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Georgia Essential Minerals (GEMs) Workshop Unites Government, Industry and Academia

Alan Flurry

The University of Georgia, together with Georgia Tech, Georgia State University, and the Georgia Mining Association, will host the inaugural workshop for partnerships to develop essential critical minerals on Thursday February 1, 2024, at the Georgia Center Hotel and Conference Center. The event brings together 45 participants from government, industry, and academia to discuss opportunities around critical mineral supplies in Georgia and in the nation.  

The GEMS workshop is co-funded by Georgia’s three R-1 universities with the intent of better understanding challenges for Rare Earth Element resource exploration from existing Georgia mining operations. At the forefront will be issues such as resource estimating, sustainable energy and environmentally friendly mining, regulatory compliance, workforce training, national security, and economic development. 

“Mine tailings are one example of an issue that has long been viewed as waste associated with environmental harm," said Paul Schroeder, UGA professor of geology and one of the conveners of the workshop. "With new extraction technologies and environmental stewardship, we can explore these deposits as repositories of a new supply of critical minerals."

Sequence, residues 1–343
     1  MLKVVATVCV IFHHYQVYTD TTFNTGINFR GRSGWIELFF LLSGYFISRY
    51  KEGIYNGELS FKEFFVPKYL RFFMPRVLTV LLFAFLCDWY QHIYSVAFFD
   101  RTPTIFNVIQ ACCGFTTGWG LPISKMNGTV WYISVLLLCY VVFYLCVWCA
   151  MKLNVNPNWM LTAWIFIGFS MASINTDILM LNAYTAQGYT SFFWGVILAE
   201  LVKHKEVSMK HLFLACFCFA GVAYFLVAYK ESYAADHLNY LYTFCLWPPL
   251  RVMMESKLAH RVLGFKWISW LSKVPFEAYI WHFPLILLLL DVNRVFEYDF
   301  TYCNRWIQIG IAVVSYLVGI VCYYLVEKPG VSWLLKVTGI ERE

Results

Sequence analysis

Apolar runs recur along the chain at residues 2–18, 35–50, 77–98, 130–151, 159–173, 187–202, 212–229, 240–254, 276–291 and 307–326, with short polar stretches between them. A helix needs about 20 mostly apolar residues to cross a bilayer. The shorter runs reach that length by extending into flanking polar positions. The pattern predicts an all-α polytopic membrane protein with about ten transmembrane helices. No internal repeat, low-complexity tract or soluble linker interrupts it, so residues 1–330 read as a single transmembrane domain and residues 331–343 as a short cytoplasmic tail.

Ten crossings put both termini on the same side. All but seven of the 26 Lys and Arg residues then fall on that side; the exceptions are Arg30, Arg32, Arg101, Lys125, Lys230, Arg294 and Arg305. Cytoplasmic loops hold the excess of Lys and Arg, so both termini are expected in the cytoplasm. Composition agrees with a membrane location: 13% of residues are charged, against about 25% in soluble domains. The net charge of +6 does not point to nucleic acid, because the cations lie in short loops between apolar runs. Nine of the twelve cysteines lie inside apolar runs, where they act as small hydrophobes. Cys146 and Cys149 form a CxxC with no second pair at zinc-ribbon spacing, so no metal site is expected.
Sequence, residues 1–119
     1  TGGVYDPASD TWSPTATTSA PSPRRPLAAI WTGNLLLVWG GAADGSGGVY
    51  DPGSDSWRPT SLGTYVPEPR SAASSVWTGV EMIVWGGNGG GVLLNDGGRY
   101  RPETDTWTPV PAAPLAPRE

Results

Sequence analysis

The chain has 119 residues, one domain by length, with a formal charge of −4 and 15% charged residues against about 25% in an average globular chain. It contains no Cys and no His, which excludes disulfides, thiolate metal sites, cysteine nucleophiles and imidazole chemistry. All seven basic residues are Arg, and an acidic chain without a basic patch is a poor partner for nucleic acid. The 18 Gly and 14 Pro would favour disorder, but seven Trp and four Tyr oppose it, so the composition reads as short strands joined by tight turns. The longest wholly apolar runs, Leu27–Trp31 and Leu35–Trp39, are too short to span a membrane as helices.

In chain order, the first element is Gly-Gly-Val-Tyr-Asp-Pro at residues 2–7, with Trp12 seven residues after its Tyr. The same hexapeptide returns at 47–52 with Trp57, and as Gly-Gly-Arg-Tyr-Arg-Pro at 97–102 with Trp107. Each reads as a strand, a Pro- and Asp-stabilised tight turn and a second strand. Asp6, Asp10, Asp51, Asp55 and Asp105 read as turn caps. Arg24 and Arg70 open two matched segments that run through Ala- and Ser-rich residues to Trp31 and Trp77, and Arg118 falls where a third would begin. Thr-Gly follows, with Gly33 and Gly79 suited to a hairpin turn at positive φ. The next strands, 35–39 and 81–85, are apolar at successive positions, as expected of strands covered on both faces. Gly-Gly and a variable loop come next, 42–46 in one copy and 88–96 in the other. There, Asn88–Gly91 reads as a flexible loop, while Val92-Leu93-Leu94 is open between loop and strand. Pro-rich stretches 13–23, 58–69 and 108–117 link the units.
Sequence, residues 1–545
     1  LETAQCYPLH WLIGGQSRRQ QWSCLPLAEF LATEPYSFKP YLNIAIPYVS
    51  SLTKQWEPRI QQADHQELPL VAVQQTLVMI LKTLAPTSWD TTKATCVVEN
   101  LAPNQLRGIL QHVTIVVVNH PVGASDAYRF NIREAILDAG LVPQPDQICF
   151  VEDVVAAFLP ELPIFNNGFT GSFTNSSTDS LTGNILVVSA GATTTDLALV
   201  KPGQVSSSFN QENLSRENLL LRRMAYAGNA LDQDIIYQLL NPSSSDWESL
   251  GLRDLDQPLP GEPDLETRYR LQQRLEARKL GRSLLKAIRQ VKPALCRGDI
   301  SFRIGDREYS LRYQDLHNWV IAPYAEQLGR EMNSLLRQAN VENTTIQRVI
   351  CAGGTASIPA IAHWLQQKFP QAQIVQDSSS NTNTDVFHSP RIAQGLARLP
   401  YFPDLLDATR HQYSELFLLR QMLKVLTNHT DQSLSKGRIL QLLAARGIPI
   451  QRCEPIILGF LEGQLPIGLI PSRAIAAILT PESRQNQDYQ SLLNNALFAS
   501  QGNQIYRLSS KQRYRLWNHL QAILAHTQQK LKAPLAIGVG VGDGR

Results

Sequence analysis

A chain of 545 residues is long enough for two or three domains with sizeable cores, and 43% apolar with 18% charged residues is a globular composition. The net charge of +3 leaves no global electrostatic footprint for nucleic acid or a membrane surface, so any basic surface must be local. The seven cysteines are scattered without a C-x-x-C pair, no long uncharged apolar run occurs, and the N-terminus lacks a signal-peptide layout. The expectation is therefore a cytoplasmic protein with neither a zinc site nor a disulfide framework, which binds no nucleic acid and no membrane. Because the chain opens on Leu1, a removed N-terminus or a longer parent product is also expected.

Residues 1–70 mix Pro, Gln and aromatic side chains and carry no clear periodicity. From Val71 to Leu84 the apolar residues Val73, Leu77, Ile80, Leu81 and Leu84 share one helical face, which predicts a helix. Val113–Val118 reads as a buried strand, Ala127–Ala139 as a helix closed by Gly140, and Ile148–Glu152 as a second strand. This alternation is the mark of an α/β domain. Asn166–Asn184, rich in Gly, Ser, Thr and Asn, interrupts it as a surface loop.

A key co-organizer, the Georgia Mining Association includes stakeholders from many industries. Other stakeholders participating include State and Federal agencies, as well as students from the UGA, Georgia State University, and Georgia Tech research triangle. The goal of the workshop is to produce a statement regarding current state of knowledge and pathways for GEMs. This workshop is also designed to be model for ways to create university-industry-government partnerships, grants, internships, sponsored research, and to create the next generation for helping to supply reliable domestic supplies of critical minerals. 

"Such comprehensive strategies are critical in helping Georgia's growing economy, train future workforces, and ensure national security for critical minerals," Schroeder said.

Georgia leads in the production of fuller's earth, kaolin, and iron oxide pigments. It is a major producer of barite, dimension stone, and feldspar. It produces cement, common clay, construction sand and gravel, crushed stone, gemstones, and mica.


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